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What Are the Possible Legal Issues Related to Sperm Donors?
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With the surnames of the parties redacted, the ruling notes that Christopher YY voluntarily, albeit informally, donated his sperm to Jessica ZZ and Nichole ZZ so that the women could have a baby. The ruling notes that Christopher waived any claims to paternity in a written agreement prior to the insemination, but he had a change of heart after the baby was born, petitioning for paternity once the child was 7 months old. Married couples generally enjoy protection from intrusive paternity tests through what is known as the presumption of legitimacy, but Judge Mulvey noted that this presumption can be rebutted. With a straight couple, a party can show for example that the husband did not have access to his wife at the time of conception. Lambda Legal staff counsel Beth Littrell also spoke about the shortfalls in the presumption rebuttal.
Sperm donor lied about criminal and mental health history, lawsuit alleges
Sperm donation is the provision by a man of his sperm with the intention that it be used in the artificial insemination or other 'fertility treatment' of a woman or women who are not his sexual partners in order that they may become pregnant by him. The man is known as a 'sperm donor' and the sperm he provides is known as 'donor sperm' because the intention is that the man will give up all legal rights to any child produced from his sperm, and will not be the legal father. However conception is achieved, the nature and course of the pregnancy will be the same as one achieved by sexual intercourse, and the sperm donor will be the biological father of every child born from his donations. Sperm donation enables a man to father a child for third-party women, and is therefore, categorized as a form of third party reproduction.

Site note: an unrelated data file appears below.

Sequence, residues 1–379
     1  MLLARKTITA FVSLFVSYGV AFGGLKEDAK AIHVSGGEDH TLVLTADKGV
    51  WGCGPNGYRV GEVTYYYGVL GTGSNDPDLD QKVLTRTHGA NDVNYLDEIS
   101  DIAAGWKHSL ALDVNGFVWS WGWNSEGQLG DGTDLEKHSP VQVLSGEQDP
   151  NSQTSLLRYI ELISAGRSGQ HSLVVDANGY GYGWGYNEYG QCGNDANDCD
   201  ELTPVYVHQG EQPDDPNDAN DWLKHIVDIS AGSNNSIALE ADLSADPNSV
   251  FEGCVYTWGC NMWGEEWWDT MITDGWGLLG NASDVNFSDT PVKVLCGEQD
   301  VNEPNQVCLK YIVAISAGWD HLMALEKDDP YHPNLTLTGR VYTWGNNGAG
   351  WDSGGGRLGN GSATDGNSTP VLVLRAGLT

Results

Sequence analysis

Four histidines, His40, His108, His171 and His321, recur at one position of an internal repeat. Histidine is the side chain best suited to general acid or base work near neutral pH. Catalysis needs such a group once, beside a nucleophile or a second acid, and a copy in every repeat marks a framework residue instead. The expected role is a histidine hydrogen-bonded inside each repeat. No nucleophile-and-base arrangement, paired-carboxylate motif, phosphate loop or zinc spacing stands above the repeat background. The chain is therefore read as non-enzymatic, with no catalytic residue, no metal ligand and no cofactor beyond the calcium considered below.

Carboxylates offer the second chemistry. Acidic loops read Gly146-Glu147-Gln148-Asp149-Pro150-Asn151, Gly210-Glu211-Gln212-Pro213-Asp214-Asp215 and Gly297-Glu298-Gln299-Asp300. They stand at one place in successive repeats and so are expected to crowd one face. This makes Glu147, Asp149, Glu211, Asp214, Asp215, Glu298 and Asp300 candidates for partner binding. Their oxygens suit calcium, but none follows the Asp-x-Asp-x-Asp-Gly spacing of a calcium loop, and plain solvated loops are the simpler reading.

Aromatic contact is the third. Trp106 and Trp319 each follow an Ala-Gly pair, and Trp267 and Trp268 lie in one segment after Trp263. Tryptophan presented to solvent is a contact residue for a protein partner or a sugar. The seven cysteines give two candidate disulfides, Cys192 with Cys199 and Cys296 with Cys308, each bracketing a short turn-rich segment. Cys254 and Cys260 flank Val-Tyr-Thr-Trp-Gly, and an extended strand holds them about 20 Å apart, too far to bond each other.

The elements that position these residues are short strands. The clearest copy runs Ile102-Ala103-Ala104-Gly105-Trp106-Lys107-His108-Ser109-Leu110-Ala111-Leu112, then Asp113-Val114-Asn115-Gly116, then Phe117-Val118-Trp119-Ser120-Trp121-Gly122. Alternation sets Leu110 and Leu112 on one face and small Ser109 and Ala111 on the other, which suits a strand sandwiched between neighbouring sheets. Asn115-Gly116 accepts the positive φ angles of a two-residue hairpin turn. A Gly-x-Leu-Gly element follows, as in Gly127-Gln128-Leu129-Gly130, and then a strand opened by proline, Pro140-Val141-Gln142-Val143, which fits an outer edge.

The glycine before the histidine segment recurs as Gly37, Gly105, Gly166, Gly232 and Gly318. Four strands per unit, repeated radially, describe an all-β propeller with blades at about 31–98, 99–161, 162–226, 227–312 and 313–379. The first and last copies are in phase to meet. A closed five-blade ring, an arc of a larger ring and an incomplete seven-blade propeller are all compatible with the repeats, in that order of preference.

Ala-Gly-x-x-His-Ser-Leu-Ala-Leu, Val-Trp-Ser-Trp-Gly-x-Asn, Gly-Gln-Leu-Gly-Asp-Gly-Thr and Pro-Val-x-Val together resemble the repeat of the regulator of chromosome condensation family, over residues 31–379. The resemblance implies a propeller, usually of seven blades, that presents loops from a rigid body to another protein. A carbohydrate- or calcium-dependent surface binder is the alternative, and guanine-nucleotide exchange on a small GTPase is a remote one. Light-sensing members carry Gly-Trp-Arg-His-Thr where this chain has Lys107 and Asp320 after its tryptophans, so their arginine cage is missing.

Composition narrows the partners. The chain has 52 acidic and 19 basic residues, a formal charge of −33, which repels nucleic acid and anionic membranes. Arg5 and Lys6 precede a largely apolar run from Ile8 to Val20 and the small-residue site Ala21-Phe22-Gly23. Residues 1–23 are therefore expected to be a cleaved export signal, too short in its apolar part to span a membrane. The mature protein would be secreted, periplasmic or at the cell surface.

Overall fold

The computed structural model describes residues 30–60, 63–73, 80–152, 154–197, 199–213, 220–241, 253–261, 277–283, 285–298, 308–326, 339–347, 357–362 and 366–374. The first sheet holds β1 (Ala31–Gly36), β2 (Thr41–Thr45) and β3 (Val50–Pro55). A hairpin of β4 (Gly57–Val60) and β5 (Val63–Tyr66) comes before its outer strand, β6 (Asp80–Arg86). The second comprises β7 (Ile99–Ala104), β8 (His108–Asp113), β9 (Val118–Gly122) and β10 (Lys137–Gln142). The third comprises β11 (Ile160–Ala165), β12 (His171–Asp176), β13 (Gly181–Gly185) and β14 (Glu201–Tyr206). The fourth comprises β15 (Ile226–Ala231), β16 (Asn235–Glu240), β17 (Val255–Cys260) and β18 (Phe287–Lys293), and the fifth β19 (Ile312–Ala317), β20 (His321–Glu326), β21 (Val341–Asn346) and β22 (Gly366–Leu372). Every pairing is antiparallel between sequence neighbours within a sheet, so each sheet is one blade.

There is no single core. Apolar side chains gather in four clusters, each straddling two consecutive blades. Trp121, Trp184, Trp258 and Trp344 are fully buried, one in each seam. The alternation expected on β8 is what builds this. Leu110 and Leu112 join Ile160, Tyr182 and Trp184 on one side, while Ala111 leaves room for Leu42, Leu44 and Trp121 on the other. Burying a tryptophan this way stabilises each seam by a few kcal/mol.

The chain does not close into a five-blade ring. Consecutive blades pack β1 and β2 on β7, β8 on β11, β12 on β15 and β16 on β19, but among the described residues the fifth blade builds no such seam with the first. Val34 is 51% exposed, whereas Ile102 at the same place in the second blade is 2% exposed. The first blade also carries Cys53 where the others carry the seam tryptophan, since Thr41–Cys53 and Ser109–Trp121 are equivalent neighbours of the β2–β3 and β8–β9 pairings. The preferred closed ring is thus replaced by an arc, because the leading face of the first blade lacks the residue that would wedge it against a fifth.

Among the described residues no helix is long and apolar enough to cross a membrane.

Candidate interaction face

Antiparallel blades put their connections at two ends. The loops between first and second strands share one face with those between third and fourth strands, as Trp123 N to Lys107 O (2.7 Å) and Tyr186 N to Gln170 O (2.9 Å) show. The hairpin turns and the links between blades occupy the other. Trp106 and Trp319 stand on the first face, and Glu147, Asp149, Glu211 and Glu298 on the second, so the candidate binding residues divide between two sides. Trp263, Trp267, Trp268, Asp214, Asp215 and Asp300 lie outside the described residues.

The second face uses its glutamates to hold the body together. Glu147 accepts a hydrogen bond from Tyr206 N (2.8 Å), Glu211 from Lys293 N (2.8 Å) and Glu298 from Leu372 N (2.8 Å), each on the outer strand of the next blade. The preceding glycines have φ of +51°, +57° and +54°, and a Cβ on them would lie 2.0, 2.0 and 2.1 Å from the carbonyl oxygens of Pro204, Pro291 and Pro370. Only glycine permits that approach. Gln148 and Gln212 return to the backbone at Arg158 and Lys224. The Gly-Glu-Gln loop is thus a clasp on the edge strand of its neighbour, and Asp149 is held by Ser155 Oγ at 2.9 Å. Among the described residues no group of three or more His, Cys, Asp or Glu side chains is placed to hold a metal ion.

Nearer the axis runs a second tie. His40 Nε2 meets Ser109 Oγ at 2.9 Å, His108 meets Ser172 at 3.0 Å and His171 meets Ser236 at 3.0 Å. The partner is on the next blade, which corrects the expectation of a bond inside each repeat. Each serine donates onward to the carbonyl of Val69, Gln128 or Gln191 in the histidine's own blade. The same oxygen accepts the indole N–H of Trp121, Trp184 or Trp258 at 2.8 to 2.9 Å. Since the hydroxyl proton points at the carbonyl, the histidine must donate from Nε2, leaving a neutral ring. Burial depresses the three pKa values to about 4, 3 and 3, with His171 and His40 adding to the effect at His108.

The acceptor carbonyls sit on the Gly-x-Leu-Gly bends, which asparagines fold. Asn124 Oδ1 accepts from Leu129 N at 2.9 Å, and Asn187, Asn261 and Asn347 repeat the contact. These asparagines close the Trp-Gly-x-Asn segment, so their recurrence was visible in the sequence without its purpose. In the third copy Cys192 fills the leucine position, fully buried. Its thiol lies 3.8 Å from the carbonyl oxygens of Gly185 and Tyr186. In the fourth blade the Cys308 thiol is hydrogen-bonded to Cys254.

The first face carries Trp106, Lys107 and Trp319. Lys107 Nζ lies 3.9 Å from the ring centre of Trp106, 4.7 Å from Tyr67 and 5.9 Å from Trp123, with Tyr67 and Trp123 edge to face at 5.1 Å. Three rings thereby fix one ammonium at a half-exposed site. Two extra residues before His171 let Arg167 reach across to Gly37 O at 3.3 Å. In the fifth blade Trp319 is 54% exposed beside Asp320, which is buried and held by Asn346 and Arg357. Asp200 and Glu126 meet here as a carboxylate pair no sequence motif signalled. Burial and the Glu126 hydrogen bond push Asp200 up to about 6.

Sperm donation laws vary by country. Most countries have laws to cover sperm donations which, for example, place limits on how many children a sperm donor may give rise to, or which limit or prohibit the use of donor semen after the donor has died, or payment to sperm donors. Other laws may restrict use of donor sperm for in vitro fertilisation IVF treatment, which may itself be banned or restricted in some way, such as to married heterosexual couples, banning such treatment to single women or lesbian couples. Donated sperm may be used for insemination whether natural or artificial or as part of IVF treatment. Restrictions on sperm donations or the ability to obtain IVF treatment in some jurisdictions has given rise to women traveling to a country which does not impose restrictions in the circumstances in which they finds themselves to obtain such donations or treatments, in a practice called fertility tourism.